Green fields highlighted by sunrays through heavy clouds from Curbar Edge

#70People70Years - Alex Waddington

Alex Waddington in the snowy Peak District

Alex Waddington - trustee of the Peak District National Park Foundation

Alex Waddington prepares for his 'Spin and Bin' challengeAlex Waddington has a deep and intricate association with the Peak District National Park.

A trail runner (bad knee permitting), hill walker, trig bagger and road cyclist, he also describes himself as a nocturnal Dark Peak Roamer - experiencing the national park in its quieter, most meaningful moments.

And, he believes his role as trustee of the Peak District National Park Foundation was meant to be. "I got married to my wife Catherine in Hartington on 17 April 2010... coincidentally the Peak District became the UK's first national park on 17 April, 1951. My role as trustee of a charity that works to protect and enhance the Peak District was surely destiny!"

It's a role he relishes and takes very seriously. In June 2020, Alex raised £1,500 for the Foundation in his Spin ‘n’ Bin challenge, cycling for 17 hours, from dawn until dusk, collecting litter along his 107-mile route. "It was a shame it was necessary, but hopefully it helped raise awareness - and also some funds to help keep the Park special."

Born in Wakefield, Alex grew up in Bradford. He says: "Mum didn’t drive, so we took buses and trains everywhere and spent a lot of time gazing out at scenery and being outdoors, around the edges of the Yorkshire Dales National Park.

"After graduating, I moved to Manchester in 2004 and then Stockport in 2007, where I live with Catherine and my two girls. They have both done Kinder with me as a rite of passage - to varying degrees of enthusiasm!

"I work as a freelance data science communications consultant, and have worked in communications and marketing for over 20 years.

"In 2003, I worked for nine months for the Yorkshire Dales National Park as their media officer, which was a fantastic job. As a townie, it taught me a lot about National Parks, and it was great fun getting out with the rangers from time to time.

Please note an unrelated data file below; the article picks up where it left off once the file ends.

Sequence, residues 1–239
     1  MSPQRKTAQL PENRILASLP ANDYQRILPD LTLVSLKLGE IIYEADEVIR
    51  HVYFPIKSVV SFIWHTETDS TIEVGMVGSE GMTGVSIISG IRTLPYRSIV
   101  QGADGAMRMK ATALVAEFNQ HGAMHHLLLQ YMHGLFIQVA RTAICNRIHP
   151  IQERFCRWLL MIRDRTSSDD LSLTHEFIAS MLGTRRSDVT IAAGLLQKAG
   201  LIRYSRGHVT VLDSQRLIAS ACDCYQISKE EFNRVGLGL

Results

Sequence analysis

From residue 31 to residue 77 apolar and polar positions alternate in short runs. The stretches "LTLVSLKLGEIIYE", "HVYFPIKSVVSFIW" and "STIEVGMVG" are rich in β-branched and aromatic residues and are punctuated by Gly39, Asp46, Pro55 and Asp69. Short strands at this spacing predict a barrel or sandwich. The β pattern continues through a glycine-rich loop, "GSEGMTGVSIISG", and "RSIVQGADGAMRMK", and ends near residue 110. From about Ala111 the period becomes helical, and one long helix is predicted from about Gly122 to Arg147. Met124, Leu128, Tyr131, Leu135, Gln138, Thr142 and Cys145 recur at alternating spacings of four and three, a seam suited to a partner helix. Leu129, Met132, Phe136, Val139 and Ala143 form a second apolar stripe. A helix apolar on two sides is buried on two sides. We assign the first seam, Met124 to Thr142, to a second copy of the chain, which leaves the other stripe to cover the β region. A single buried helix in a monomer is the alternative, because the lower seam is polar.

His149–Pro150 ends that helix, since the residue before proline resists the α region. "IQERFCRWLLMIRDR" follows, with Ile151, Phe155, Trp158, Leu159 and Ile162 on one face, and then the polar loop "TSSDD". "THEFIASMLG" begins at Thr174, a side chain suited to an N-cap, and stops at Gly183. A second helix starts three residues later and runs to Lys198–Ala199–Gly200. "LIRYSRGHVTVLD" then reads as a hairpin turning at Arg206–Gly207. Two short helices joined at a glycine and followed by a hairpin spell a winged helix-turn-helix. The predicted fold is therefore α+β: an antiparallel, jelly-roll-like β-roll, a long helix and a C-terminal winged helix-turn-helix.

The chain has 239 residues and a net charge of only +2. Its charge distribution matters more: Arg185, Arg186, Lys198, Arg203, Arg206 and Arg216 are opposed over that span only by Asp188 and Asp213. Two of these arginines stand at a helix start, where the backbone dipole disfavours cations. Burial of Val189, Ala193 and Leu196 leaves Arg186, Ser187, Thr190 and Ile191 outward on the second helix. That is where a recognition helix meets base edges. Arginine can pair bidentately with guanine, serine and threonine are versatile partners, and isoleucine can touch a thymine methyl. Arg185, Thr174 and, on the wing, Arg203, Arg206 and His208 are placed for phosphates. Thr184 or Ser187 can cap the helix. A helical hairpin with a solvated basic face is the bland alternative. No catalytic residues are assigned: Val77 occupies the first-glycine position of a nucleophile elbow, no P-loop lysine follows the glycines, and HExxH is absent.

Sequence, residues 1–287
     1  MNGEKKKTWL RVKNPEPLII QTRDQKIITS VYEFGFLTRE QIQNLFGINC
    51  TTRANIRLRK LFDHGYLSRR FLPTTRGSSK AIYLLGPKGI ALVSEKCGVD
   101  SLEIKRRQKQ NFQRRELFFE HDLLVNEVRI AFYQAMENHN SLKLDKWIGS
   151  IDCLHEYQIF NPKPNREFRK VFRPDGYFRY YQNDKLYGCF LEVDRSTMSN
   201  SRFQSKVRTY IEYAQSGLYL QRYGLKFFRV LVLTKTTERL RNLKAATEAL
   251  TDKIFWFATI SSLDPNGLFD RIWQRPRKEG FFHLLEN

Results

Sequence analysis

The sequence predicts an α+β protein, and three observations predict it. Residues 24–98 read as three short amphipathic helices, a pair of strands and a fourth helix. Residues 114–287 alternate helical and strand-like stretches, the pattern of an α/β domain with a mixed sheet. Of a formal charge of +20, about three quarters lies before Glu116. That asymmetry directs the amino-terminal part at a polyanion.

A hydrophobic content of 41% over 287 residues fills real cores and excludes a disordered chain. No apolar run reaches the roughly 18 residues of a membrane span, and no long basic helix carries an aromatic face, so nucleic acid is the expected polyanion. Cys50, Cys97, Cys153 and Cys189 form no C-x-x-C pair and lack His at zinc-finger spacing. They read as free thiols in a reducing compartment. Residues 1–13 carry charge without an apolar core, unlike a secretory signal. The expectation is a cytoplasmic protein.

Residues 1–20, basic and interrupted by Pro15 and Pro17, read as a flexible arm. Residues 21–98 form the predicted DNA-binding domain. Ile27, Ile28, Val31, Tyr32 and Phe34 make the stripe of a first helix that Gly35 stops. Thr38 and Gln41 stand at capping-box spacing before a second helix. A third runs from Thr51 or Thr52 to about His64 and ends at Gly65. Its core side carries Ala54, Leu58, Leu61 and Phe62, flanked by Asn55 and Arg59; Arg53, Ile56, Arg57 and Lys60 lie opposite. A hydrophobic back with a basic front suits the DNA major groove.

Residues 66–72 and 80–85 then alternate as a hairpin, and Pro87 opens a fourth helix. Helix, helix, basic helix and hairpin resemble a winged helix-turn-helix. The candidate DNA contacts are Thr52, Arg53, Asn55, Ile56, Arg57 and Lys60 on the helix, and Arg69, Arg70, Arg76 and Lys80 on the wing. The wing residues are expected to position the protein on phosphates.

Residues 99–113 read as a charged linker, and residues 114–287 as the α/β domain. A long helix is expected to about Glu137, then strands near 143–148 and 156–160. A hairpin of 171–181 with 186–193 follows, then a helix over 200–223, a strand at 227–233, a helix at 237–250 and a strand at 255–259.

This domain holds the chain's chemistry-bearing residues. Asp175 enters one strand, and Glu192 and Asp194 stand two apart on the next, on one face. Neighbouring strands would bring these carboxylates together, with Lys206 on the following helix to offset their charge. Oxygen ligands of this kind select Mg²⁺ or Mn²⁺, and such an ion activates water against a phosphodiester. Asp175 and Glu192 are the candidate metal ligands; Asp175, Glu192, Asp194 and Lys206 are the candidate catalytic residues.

"A few years ago, I got myself very fit to raise money in memory of my dad and started doing long distance walks and runs in the National Park - the wonderfully-named Dovedale Dipper and the Baslow Boot Bash to name a couple, which got me out into new areas of the Peak District.

"I’m not anywhere near as fit as I once was, due to injuries, but I’ve completed the famous 56-mile Bullock Smithy Hike around the Peak District five times and the Peak Skyline ultra trail race three times. Doing and training for those challenges has got me out into all corners of the National Park. I’ve also done a few long bike rides through the National Park. I’ve had some wonderful experiences and love seeing the Park change in character and mood.

"One of my favourite, less obvious, places is Axe Edge above Buxton. It can feel so remote, with great character and interesting industrial heritage, and yet you’re never far from a road.

"Kinder has always been an escape for me during challenging times. I lost my dad suddenly at the start of 2014 and I found myself drawn to Kinder at all times of the day and night. I remember standing at the top of Grindsbrook Clough at 8am one winter’s morning, looking at the sunrise over a snowy Edale Valley, tears streaming down my face, preparing myself for his funeral later that week. It was a desperately sad time, but having the Park to escape into helped. It’s definitely helped me maintain my mental health, in lots of ways.

"During the pandemic, when it was permitted, I used Kinder as an escape. One snowy morning, heading off Kinder, I literally stumbled into the lair of a mountain hare, sat there down a snow hole. I managed to watch it for a few seconds before it clocked me and made a run for it. It was a magical moment. I’ve also seen some stunning cloud inversions, like being on an aircraft - the type of thing you’ll only see if you’re out of bed early. I’m not religious but at times it has felt spiritual.

"I feel lucky to live so close to the National Park - it was only over lockdown, when we were exploring local paths, that I realised that Cown Edge, which is literally two or three miles (uphill) from my house, is inside the boundary. I can run/walk 30 minutes from my front door and get to a trig point where I can see Saddleworth to the North, Kinder to the East and Shutlingsloe to the South - so the UK’s original National Park is never far from my mind or view."

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